Myanmar is the rising star in global telecoms market and anything new hits the headlines. Bharti Airtel’s claim of activating a terrestrial optical fiber cable link between India and Myanmar is one such example. An undisclosed sum has been reportedly invested in a 6,500rkm (route km) terrestrial link. It will be connected to Airtel’s landing stations in Chennai and Mumbai. Ajay Chitkara, the company’s director & CEO (global voice & data business) told the Economic Times:
‘The terrestrial cable link is a strategic fibre asset for Airtel in the SAARC region, which will enable the company to offer robust end-to-end connectivity solutions in Myanmar, which is seeing rapid uptake of digital services as one of the last growth frontiers in Asia.’
Economic Times, a national broadsheet, has blindly reproduced Airtel’s press kit. The newspaper has not inquired about the route of this terrestrial network. Because, right of way is the most critical segment of any international telecoms link regardless submarine or terrestrial. Economic Times’ editorial ignorance may be ignored. But the online industry news outlets like Voice & Data and Mobile World Live should have been careful while taking the cue from Economic Times.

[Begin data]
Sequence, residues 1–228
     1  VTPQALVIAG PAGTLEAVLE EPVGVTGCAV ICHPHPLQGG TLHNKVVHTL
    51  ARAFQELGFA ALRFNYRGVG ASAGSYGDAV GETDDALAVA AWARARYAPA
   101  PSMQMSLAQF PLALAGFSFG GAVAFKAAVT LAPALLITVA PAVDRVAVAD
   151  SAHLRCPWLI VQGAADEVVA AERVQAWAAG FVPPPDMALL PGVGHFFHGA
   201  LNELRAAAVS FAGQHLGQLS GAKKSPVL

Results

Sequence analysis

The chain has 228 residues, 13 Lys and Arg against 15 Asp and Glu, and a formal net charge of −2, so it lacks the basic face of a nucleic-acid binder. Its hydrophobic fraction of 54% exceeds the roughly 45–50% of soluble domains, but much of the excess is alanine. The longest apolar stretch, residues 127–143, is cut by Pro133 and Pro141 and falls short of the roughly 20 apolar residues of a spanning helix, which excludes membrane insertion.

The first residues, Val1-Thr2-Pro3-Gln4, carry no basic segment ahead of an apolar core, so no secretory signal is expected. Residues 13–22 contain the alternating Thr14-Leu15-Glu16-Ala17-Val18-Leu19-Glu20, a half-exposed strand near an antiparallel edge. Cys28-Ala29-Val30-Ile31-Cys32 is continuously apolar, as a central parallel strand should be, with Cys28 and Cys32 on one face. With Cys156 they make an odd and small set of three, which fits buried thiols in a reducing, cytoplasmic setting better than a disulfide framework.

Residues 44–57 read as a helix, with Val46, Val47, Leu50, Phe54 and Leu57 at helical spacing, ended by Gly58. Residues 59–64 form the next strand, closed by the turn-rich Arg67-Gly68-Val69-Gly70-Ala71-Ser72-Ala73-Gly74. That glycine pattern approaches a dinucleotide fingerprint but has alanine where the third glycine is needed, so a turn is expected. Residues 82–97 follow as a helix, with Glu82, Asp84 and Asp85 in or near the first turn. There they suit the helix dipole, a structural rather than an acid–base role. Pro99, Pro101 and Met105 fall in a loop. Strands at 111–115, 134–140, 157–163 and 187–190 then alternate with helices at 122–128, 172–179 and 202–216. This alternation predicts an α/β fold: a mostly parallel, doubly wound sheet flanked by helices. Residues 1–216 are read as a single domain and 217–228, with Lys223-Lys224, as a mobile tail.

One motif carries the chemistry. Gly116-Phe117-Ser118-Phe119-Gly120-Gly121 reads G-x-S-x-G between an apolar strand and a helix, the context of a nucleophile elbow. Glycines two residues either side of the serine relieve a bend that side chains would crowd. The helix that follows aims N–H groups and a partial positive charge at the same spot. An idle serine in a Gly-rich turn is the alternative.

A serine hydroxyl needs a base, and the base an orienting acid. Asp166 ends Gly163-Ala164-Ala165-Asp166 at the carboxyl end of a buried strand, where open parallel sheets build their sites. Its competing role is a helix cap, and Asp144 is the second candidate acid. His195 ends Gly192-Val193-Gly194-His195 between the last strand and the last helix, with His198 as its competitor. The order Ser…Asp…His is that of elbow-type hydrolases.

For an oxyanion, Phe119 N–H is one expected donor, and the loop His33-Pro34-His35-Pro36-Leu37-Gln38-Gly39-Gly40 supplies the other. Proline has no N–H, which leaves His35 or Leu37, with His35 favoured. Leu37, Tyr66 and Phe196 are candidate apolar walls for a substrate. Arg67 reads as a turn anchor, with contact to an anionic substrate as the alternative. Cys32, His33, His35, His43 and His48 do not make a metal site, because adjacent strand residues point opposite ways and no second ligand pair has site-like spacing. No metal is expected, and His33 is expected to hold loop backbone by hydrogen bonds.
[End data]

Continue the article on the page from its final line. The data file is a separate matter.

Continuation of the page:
Currently no functional road network exists between Myanmar and India. In 2014 the World Bank has undertaken a $107 million road project to link Myanmar, Bangladesh and India (click on image to enlarge). Once completed in 2020, it will be a reliable right of way to plug Myanmar with the SAARC countries. Until then, any claim of cross-border connectivity remains a cheap marketing hype.